I love this idea. In theory, it's great on many levels. First, it forces firms who pose a systemic risk to do the lion's share of the work in determining how they could be resolved effectively. Second, it gives regulators a tangible plan to work with for each firm, rather than leaving them to generalize what might happen if certain types of businesses failed.

A while back, I complained that while a resolution authority for non-bank financial institutions sounds like a great idea in theory, I wasn't sure how they'd accomplish the goal of resolving some of these financial giants. This speaks to exactly that problem. It puts that burden on the shoulders of the institutions themselves to show how the resolution authority would do it.

I have also noted in the past that antitrust might be used to prevent firms from becoming too big to fail. Such resolution plans could be used in conjunction with that goal as well. What if, as part of regulators approving a merger, the firms also had to submit a plan showing how resolution of the resulting mega-firm would work? If such a plan can be created, then you've satisfied the worry of the new firm's interconnectedness. If no such convincing plan can be presented, then the merger is forbidden.

Of course, for these plans to matter, regulators would have to be savvy enough to challenge the plans, and imagine ways in which they might break down. For example, if AIG were to have presented such a plan, a regulator should have seen through it and asked, "Well, what if many of those credit-default swaps you've issued are cashed in by big banks simultaneously -- where would you come up with the capital needed?" A shrug of the shoulders wouldn't do. Firms will have to be able to respond to regulators' scenarios, including if other dominos fell due to their failure. But regulators must understand the economy extremely well and know what chain reactions to worry about.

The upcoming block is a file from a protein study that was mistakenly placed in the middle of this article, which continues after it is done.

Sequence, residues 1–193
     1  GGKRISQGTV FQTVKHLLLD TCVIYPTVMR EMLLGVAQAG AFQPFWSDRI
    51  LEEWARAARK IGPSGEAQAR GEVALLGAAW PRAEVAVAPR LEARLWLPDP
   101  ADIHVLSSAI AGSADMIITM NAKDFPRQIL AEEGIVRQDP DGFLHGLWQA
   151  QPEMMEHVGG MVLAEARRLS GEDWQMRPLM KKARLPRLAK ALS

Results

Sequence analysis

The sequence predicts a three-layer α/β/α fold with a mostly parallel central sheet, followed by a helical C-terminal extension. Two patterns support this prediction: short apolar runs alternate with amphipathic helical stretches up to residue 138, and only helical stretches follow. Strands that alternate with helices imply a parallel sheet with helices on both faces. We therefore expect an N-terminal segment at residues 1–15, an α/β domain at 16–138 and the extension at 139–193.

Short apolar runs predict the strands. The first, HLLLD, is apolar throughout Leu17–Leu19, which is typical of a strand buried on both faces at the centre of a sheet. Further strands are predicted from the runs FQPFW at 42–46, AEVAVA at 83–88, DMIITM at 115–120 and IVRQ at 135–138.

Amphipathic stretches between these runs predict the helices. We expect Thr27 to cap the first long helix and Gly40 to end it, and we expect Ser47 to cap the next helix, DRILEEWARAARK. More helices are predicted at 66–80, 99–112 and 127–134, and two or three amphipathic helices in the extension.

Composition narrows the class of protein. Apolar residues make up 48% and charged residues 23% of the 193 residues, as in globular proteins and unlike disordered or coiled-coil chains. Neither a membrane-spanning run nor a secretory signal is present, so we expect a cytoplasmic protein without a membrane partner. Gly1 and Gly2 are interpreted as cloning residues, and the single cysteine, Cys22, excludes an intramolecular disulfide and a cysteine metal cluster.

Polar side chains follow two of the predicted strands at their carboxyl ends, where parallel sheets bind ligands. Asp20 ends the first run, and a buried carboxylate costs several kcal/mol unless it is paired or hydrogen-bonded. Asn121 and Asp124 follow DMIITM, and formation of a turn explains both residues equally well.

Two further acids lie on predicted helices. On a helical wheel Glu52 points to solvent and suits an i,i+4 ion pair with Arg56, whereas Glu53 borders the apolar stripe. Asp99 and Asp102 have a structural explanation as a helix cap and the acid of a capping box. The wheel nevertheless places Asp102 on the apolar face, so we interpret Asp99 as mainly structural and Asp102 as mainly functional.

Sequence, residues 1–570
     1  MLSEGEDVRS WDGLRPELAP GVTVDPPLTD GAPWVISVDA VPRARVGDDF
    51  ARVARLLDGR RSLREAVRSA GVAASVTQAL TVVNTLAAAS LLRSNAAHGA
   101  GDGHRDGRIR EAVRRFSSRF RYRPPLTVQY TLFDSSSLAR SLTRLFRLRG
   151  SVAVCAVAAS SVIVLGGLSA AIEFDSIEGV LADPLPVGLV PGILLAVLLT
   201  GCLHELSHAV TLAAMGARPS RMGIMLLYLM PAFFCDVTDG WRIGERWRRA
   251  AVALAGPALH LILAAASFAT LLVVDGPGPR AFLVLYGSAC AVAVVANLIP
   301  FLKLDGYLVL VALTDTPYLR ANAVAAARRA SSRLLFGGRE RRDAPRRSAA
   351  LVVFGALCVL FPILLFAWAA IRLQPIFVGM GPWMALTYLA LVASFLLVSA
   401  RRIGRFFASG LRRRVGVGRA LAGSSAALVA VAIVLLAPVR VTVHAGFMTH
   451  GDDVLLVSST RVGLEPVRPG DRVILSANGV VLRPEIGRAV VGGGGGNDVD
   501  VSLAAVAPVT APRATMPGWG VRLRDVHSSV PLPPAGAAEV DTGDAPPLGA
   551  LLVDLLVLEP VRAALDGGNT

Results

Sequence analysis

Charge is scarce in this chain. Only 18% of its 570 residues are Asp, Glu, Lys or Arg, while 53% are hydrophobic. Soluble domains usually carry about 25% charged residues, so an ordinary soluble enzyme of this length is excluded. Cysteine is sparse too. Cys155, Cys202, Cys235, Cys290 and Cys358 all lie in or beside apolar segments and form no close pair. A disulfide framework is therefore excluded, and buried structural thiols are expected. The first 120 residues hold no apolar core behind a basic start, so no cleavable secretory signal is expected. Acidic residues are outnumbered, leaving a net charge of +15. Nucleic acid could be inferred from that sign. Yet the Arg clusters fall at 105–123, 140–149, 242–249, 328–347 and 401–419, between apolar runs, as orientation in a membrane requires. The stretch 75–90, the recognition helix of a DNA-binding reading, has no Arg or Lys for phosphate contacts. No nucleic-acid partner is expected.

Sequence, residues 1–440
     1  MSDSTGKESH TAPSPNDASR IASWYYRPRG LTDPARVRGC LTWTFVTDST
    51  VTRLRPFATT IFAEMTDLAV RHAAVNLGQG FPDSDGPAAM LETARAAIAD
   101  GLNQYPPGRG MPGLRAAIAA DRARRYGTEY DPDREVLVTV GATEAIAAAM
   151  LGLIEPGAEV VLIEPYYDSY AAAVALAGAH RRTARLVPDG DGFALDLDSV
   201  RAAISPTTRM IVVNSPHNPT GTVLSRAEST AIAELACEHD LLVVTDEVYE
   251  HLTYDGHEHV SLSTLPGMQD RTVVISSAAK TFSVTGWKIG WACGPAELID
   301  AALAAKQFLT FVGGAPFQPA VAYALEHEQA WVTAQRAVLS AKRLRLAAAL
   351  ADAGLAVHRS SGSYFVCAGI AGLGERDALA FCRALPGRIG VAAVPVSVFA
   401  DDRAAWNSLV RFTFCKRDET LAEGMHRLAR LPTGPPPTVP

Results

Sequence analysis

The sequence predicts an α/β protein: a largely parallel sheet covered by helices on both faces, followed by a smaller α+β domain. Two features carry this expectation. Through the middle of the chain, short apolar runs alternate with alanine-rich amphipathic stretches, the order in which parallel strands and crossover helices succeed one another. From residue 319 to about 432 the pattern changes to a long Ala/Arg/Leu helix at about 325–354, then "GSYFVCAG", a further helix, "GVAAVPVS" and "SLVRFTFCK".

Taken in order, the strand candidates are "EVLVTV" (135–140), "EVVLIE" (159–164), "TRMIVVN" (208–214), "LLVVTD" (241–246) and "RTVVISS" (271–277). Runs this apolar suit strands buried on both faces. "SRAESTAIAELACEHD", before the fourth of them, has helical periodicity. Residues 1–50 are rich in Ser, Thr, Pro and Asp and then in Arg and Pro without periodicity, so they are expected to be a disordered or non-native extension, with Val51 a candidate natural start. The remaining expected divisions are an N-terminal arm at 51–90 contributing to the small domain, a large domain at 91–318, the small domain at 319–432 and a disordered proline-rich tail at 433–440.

But therein lies a worry, and it's similar to the inadequacy of capital requirements I complained about. Can regulators really predict scenarios that might throw the plan out of whack? It's hard to tell how badly an industry might be ailing or which ones simultaneously. How stressful will the scenarios considered be in evaluating these plans -- and how will regulators know how stressful they should be?

I also have another important question: what if a firm can't come up with such a plan. What if regulators successfully poke holes in every plan a firm presents, and it cannot come up with a working plan that would allow for its resolution without causing a major systemic disturbance? Does that mean the government breaks up the firm? Or does that mean that the firm is simply considered "too big to fail" and must put up additional capital? For the reason I explained in the prior section, I certainly hope it's the former. After all, these plans are worthless if they aren't used in the event of failure.

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Daniel Indiviglio was an associate editor at The Atlantic from 2009 through 2011. He is now the Washington, D.C.-based columnist for Reuters Breakingviews. He is also a 2011 Robert Novak Journalism Fellow through the Phillips Foundation. More

Indiviglio has also written for Forbes. Prior to becoming a journalist, he spent several years working as an investment banker and a consultant.